Frequently Asked Questions

An electrocardiogram (ECG) & its uses
An electrocardiogram (ECG) is a very quick and painless test that records the electrical activity of the heart. It is used to assess the rate and regularity of heartbeats, the size and position of the chambers, the presence of any damage to the heart and the effects of drugs or devices used to regulate the heart (such as a pacemaker).
How do I get an ECG done?
If you have no symptoms of illness, you simply make an appointment with us. Otherwise, you will need to ask your GP to refer you.
Who will perform the ECG?
ECGs at COPD AWARE are performed by practitioners, specialists in the field who work hand-in-hand with the NHS throughout the UK. The equipment they use is at the very forefront of technology, giving you the comfort of knowing that you are in the best possible hands.
How much will it cost?
With prices starting at just £45, you’ll find our rates to be surprisingly low. We’ll discuss these with you at the outset, before you decide whether or not to proceed.
Will my medical insurers pay for my ECG?
You will need to speak to your insurers to establish this.
Is an ECG safe?
Generally, there are no risks associated with an ECG. The equipment monitors the electrical impulses from your heart, it doesn’t emit electricity.
Does it hurt?
No. It’s a totally painless procedure.
How long does an ECG scan take?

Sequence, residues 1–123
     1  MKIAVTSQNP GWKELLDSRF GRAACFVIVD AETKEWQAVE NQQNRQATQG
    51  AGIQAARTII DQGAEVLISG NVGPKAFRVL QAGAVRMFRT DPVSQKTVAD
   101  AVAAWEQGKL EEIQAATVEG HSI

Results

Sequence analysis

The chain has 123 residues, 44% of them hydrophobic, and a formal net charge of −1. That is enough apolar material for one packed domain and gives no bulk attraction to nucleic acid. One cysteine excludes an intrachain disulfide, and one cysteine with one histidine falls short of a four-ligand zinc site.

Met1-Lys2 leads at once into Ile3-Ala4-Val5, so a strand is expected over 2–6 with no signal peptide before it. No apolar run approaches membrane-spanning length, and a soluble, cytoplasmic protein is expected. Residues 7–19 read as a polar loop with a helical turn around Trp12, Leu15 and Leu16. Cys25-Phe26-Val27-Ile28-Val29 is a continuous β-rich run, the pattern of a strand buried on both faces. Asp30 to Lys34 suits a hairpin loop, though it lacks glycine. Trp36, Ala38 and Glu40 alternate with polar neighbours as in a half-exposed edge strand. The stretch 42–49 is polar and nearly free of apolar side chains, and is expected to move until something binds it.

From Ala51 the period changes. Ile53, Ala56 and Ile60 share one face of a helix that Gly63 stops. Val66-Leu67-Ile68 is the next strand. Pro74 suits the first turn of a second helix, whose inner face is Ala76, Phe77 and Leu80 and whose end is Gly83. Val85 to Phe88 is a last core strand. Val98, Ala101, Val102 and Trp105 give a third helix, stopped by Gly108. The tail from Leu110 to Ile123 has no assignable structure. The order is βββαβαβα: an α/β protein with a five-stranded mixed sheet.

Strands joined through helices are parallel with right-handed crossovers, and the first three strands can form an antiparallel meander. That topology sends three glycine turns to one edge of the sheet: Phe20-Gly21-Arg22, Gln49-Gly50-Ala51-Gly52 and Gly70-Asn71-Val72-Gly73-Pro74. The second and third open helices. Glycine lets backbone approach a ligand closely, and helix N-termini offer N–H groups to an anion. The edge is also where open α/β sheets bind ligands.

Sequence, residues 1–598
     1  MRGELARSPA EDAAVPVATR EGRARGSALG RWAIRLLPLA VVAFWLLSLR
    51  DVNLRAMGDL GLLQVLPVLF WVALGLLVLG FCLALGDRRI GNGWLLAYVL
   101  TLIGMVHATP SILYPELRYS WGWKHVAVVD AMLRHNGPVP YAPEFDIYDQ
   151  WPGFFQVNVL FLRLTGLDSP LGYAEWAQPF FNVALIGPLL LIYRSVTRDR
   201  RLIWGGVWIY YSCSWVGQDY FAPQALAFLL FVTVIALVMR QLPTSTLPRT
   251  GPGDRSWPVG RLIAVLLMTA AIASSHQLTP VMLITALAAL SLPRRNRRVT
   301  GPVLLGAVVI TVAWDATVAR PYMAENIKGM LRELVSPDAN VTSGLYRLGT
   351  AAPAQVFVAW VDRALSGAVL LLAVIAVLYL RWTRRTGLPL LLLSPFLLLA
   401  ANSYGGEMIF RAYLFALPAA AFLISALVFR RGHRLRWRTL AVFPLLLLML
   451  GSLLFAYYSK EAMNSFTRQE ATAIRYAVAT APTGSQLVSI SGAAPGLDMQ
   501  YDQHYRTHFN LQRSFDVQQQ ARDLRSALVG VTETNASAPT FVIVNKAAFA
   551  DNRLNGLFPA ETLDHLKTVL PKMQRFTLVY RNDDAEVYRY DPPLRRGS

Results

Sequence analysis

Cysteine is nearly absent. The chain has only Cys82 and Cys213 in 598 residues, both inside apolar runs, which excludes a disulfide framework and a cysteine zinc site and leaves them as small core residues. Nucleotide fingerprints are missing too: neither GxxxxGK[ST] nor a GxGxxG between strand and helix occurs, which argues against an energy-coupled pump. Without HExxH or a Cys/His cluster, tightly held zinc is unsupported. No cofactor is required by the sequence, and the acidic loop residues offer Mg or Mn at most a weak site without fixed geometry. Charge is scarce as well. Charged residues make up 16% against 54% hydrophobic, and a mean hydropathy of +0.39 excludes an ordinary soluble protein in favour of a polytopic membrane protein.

About 10 minutes.
How will I get my results?
In some cases, a report will be given to you directly (with a copy being given to your GP if you wish). In other cases, your results will be given to your GP who will then communicate them to you.

At COPD AWARE, we offer both cardiac ultrasound and resting electrocardiograms.
High Blood Pressure & Ultrasound

Cardiac Ultrasound

A cardiac ultrasound scan (sometimes referred to as an “echocardiogram” or “echo”, for short) is used in connection with a variety of heart problems and for patients suffering from high blood pressure. It is often performed in conjunction with a “Doppler” test to determine the direction and speed of blood flow within the heart. to find more detailed information about the use of cardiac ultrasound in connection with high blood pressure. During a cardiac ultrasound scan, it is possible to:
View the movement of the heart
Assess whether the heart valves are opening & closing properly
Measure the muscle/wall thickness
of the heart
Measure the size of the heart chambers.